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again, history. the department of veterans affairs is one of the world's great medical innovators, the first pacemaker, the first liver transplant, the first electrical heart surgery, the first nicotine patch. innovation is part of our dna. i said today at the press conference at the white house that we are partnered with the greatest medical institutions in this country. one up the road at johns hopkins, md anderson, stanford, harvard, duke. as a wake forest man, i have to mention duke. and we have spent incredible amounts of money on research, but research that is not only relevant for the veteran, but
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for the country. let me give you an example. was meeting with my counterpart in canada. i was proud to tell him that i have a closer relationship with the national hockey league than he does. why? because the stories that you have been reading and some of you have actually reported on the research into the concussive effects of professional football and professional hockey and college football are being done at the v.a. hospital in boston. ann mcgee who has been "time's" top 100 influential americans is doing that research in the boston v.a. hospital with the help of the nfl, the nhl and the department of defense. as the undersecretary of defense, i look to her to come up with more solutions so that we can make our soldiers and marines in the front lines more surviveable on the battlefield. so we are translating that innovation into real world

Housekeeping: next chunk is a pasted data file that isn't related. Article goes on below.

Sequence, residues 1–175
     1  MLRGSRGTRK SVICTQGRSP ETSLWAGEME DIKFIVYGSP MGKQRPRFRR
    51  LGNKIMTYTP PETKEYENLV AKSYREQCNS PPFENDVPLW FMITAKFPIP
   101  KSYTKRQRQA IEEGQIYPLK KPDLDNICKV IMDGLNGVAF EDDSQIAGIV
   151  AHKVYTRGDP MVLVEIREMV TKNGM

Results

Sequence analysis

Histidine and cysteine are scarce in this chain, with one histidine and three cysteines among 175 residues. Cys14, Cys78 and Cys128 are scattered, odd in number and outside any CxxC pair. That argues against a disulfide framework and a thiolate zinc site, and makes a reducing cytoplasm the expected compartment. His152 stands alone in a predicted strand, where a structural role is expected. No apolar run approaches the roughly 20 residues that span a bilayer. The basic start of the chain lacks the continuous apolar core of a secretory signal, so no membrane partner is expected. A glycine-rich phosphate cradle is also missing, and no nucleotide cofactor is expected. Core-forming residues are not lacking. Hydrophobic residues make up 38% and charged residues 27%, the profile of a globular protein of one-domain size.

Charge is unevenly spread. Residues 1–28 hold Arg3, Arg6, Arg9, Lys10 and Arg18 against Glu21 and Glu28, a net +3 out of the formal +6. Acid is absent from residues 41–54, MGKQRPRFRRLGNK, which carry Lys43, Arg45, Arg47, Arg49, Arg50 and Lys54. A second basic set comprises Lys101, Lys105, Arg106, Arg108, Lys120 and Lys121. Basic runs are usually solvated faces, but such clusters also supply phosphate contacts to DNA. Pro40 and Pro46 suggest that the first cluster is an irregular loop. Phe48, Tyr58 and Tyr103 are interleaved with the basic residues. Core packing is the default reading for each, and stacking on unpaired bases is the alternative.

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effect. i will always advocate an increase in the research budget, and not just for the veteran, but for the entire country. it the partnership is a partnership that omar bradley set forth when he was v.a. administrator after world war ii. he said that we want to be the hub of american innovation and it is his goal transjen -- tangentially to have every medical student --v.a. give us a couple of examples of pilots in development within the new v.a. innovation center and when you plan to be releasing some of those? sec. wilkie: i can't because they are being trotted out for competition, but let me tell you about innovation, and innovative ways of dealing with current problems.
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mental health, the last great frontier of medicine and i have said that we are not at the sputnik stage when it comes to getting our arms around what is going on inside of here. we have shunned away from talking about it as nation. well, v.a. now has same-day every mental health services, and every vet that comes to us has a mental health screening and just in the last fiscal year, we have screened more than one million veterans for mental health issues. we followed 3000 of those on a daily basis. about pilotou programs in this area, because we have already awarded some of them. when you go to the university of pittsburgh or you go to the v.a. minneapolis, you